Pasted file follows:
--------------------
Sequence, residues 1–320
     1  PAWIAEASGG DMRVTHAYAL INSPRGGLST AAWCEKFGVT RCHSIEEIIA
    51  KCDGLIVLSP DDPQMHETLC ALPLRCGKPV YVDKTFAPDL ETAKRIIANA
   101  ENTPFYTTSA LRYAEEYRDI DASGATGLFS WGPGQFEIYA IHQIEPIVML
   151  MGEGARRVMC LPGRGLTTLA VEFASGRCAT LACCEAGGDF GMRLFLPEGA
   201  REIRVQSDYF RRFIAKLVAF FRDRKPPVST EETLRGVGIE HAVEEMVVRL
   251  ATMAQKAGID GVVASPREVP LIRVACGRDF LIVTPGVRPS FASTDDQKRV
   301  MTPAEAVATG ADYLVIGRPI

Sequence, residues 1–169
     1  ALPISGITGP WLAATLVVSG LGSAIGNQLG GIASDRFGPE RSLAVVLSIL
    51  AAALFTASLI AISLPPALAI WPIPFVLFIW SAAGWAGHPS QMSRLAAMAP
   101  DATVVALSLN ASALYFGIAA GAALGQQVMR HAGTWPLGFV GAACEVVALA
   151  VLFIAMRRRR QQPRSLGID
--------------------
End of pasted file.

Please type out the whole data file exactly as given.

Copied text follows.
Sequence, residues 1–320
     1  PAWIAEASGG DMRVTHAYAL INSPRGGLST AAWCEKFGVT RCHSIEEIIA
    51  KCDGLIVLSP DDPQMHETLC ALPLRCGKPV YVDKTFAPDL ETAKRIIANA
   101  ENTPFYTTSA LRYAEEYRDI DASGATGLFS WGPGQFEIYA IHQIEPIVML
   151  MGEGARRVMC LPGRGLTTLA VEFASGRCAT LACCEAGGDF GMRLFLPEGA
   201  REIRVQSDYF RRFIAKLVAF FRDRKPPVST EETLRGVGIE HAVEEMVVRL
   251  ATMAQKAGID GVVASPREVP LIRVACGRDF LIVTPGVRPS FASTDDQKRV
   301  MTPAEAVATG ADYLVIGRPI

Sequence, residues 1–169
     1  ALPISGITGP WLAATLVVSG LGSAIGNQLG GIASDRFGPE RSLAVVLSIL
    51  AAALFTASLI AISLPPALAI WPIPFVLFIW SAAGWAGHPS QMSRLAAMAP
   101  DATVVALSLN ASALYFGIAA GAALGQQVMR HAGTWPLGFV GAACEVVALA
   151  VLFIAMRRRR QQPRSLGID